- Capital: Quebec City
- Largest City: Montreal
- Quebec is Canada’s only province with a large French-speaking population. The city of Montreal, Canada’s “Cultural Capital,” thrives in tourism, design, software development, and commerce. The province is home to the headquarters of major aerospace corporations, including Bombardier and various international air transport organisations. With tens of thousands of workers, Quebec’s mining and forestry industries generate billions in international export earnings, and Hydro-Québec is a world leader in hydroelectric power.
- Capital: Fredericton
- The province of New Brunswick is Canada’s only official bilingual province. Manufacturing and tourism are the province’s main industries. New Brunswick’s economy, like that of many other Canadian provinces, is reliant on natural resource endowments and consequently largely on the fishery, forestry, energy, and mining industries.
- Capital: Halifax
- Main Industries: Nova Scotia’s economy is based on offshore and inland fishing, mining, and drilling, and it is located on the Atlantic Ocean’s coast. Halifax, as one of the major Atlantic ports, sees a lot of shipping.
Prince Edward Island
- Capital: Charlottetown
- Main Industries: The smallest province in terms of both size and population is known for its delectable potatoes, which account for a significant portion of the province’s agricultural industry. The tourism industry and small enterprises account for the majority of jobs on the island.
Newfoundland & Labrador
- Capital: St. John’s
- Energy, fishing, mining, and forestry are among the top businesses in Newfoundland and Labrador, indicating how the province, like many others in Canada, derives its income from the abundance of natural resources available in the region. The easternmost province of Canada produces more than half of the country’s total iron ore. Finally, the services economy in Newfoundland and Labrador has exploded in the last decade, with considerable advances in tourism, healthcare, and financial services.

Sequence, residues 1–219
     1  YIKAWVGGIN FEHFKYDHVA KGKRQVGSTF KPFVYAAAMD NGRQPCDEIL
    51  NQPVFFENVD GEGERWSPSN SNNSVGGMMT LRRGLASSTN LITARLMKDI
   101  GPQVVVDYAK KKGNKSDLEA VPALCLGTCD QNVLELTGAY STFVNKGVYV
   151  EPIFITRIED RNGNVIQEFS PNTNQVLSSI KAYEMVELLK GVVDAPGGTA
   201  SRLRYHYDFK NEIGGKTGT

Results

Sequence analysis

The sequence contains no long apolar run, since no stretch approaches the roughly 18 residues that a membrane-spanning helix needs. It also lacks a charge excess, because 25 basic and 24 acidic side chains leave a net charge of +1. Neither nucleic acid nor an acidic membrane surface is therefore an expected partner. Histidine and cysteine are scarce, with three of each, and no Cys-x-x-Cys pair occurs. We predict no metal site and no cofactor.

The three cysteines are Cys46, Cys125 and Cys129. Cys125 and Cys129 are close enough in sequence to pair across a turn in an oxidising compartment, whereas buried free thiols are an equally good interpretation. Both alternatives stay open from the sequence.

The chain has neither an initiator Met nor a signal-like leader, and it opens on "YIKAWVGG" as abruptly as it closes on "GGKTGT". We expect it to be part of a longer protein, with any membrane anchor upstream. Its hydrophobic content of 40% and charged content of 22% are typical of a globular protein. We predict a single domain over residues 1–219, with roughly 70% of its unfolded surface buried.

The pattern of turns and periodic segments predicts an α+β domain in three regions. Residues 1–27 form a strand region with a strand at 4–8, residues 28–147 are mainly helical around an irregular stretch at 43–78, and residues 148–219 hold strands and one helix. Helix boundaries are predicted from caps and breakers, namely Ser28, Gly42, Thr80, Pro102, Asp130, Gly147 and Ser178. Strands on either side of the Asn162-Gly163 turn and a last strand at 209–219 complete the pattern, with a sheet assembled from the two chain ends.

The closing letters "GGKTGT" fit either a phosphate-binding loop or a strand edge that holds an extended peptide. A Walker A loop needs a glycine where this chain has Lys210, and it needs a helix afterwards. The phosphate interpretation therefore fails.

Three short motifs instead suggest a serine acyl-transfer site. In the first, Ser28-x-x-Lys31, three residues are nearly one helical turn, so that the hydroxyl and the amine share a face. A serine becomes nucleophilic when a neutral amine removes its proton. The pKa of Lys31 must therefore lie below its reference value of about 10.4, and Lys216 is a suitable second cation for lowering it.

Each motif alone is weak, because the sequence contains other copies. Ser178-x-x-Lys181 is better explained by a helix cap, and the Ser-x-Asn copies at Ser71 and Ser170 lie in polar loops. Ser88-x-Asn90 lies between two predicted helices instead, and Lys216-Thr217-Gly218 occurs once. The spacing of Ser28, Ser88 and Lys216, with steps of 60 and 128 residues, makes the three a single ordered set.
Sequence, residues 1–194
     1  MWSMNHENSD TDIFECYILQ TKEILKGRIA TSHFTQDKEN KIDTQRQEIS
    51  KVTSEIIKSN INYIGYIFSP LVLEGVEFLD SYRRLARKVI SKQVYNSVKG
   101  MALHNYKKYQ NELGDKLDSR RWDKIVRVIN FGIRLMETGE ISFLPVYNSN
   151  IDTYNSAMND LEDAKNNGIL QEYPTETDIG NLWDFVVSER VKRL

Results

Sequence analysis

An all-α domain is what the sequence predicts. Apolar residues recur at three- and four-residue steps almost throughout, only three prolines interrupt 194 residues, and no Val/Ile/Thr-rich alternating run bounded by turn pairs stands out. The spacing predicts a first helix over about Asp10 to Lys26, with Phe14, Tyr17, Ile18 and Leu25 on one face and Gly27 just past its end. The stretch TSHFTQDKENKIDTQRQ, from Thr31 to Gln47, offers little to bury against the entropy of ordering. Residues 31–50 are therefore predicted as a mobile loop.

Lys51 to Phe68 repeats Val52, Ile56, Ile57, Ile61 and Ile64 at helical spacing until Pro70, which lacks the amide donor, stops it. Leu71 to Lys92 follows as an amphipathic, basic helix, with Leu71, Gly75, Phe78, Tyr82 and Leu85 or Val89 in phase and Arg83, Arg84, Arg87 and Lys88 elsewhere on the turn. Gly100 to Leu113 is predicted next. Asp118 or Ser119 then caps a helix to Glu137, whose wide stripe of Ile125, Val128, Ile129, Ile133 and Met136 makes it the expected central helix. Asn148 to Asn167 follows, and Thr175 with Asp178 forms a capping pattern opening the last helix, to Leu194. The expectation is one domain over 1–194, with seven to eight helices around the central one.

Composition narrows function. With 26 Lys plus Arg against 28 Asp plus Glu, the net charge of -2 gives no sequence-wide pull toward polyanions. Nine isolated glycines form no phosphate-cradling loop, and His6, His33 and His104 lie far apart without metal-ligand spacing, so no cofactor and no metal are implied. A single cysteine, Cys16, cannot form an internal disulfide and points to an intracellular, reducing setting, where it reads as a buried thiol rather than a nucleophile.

- Capital: Iqaluit
- Main Industries: Nunavut has the smallest population of all the provinces and territory in Canada, with Inuit accounting for over 80% of the population. Mining and resource development are the two main sectors in the territory.
- Capita: Whitehorse
- Mining is the most important industry in the Yukon, accounting for 30 percent of the territory’s economy. The business and administration sector also contributes to the Yukon’s GDP. Fishing and trapping are prominent in the area, and the Yukon is a favourite filming location, because to its gorgeous scenery and extended summer daylight hours.
- Capital: Yellowknife
- Main Industries: With support for entrepreneurs, the territory is investing in the business and economic development sector. Energy, diamonds, mineral mining, oil and gas are some of the other prominent sectors in the territory.